Our Olympic Baby, Calm Amidst A StormThursday, February 04, 2010
When our first daughter Alexandra Elizabeth was born August 27, 1968 we immediately dubbed her our Olympic baby. We were living in Mexico City at the time. The city and the nation were living with the anticipation and excitement of the Summer Olympics (officially called the Games of the XIX Olympiad) which were to open on October 12th, universally known in Latin America as “el Día de La Raza”. Latin Americans know that for better or for worse, Columbus Day marked the beginning of the mestizo race.
Mexico City was a city of unrest. The Mexican government and its president Gustavo Díaz Ordaz had invested a massive $150 million in preparations for the Olympics, (equal to roughly $7.5 billion dollars by today’s terms) a huge amount considering the poverty that was present then in Mexico. There were student protests all over the country. There were shouts of ¡No queremos olimpiadas, queremos revolución! ("We don't want Olympic Games, we want revolution!"). Finally in September, Ordaz ordered the occupation of the National Autonomous University by the army. In Mexico the often Hollywoodesque concept that a criminal can seek sancturay in a church really applies to a university. The autonomous part of the name reflects a Mexican university’s traditional independence. They have always guarded this right/privilege. It is sacrosanct in Mexico. The rector of the university Javier Barros Sierra resigned in protest on September 23 when students were beaten and arrested indiscriminately.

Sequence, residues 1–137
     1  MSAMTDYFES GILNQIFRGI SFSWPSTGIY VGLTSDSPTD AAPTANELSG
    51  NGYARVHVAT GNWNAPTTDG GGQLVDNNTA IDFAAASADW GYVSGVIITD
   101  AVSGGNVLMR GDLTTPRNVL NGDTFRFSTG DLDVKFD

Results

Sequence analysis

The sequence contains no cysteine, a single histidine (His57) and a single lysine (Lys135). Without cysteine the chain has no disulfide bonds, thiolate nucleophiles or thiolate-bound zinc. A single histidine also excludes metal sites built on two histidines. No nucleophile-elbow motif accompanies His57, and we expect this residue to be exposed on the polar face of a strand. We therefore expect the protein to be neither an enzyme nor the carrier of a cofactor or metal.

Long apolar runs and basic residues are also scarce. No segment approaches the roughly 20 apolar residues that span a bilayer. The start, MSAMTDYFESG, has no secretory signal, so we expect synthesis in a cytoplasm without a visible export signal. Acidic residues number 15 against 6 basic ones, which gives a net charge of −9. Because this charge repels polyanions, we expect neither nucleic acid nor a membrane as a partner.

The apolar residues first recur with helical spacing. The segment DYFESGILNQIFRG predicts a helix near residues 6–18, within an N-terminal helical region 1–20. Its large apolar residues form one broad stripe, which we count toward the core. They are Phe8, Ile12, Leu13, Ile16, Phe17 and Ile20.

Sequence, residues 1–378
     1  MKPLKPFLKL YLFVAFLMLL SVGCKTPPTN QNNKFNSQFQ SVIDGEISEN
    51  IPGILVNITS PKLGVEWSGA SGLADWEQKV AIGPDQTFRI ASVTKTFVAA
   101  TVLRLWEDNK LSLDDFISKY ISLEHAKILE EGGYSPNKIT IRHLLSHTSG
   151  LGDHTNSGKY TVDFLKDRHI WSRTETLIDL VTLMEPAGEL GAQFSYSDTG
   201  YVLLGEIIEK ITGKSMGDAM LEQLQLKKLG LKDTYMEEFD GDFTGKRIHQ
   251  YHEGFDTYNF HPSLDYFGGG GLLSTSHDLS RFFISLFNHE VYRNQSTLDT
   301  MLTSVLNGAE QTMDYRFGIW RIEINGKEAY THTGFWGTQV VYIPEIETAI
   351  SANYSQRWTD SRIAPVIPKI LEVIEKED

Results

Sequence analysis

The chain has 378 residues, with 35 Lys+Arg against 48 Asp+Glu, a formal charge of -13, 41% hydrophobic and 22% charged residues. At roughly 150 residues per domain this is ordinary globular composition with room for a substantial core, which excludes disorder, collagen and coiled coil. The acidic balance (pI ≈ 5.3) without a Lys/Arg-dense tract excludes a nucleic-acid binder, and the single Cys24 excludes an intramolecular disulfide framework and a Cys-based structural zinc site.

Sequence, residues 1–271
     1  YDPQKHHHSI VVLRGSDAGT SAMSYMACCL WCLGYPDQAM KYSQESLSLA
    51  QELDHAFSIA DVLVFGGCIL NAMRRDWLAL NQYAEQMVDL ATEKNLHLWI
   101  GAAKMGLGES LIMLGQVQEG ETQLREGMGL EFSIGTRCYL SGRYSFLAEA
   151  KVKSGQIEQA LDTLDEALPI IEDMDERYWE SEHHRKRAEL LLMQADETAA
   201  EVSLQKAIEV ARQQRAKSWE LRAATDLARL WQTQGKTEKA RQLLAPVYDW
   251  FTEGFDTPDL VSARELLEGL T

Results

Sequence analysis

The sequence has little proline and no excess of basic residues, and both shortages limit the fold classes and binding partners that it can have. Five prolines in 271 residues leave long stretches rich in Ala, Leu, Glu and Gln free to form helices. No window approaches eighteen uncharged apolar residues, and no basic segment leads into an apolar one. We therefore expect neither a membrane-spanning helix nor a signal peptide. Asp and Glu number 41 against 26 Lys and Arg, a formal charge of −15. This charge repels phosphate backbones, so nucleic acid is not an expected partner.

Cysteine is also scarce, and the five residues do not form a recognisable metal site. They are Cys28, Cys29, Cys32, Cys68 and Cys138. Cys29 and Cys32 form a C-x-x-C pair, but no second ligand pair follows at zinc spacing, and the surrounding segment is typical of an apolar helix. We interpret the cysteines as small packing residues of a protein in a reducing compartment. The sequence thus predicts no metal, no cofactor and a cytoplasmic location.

The stage was set for what was called the Tlatelolco Massacre which happened on October 2. At the time there were a few radio stations in Mexico in English that had a direct radio feed from the CBS network in the US. I often listened to the station as I had affection for liberal radio columnist Nicholas Von Hoffman’s corrosive but funny comments (“If you really want to have a kid, adopt a baby goat.”) and Dan Rather's quiet spoken almost gentle Texas accent. CBS radio news was on at the top of every hour. That late afternoon broadcast began something like this, “There have been reports of army shootings at students at the Plaza of Three Cultures (Aztec, Spanish, Mestizo). We take you to our correspondent, live from Tlatelolco in Mexico City, ‘The army has been shooting at students who have gathered here. I see many dead…’
I could hear the gunshots and the shouts. Suddenly I heard a click and an announcer began, “The baseball scores for today are as follows: From the National League…” I switched the dial around and all I could hear was music. The Mexican government censors had taken care of all that after that small lapse in efficiency. It was quite a few years later that subsequent investigations on the massacre determined that snipers of the Presidential Guard had done much of the shooting and that at least 200 students had been killed.
Amidst all this I managed to drive our blue VW beetle to the University where the Estadio Olímpico was being readied for the opening ceremonies. As you can see from the picture here which I must have taken sometime in September, there was no indication of the army or of any activity. It seemed to be dead. But the army was there. I had been stopped by a soldier who told me I could not go any further. I remember teling him that we had an Olympic baby and we wanted to take a picture by the stadium. The soldier laughed and said, "Pase señor." And then he took the picture for us.
I often hear these days that living through an Olympics is a once-in-a-lifetime experience that one does not forget. I asked Rosemary this morning if she remembered anything. Her answer was a curt, “No.” I remember four events and two more.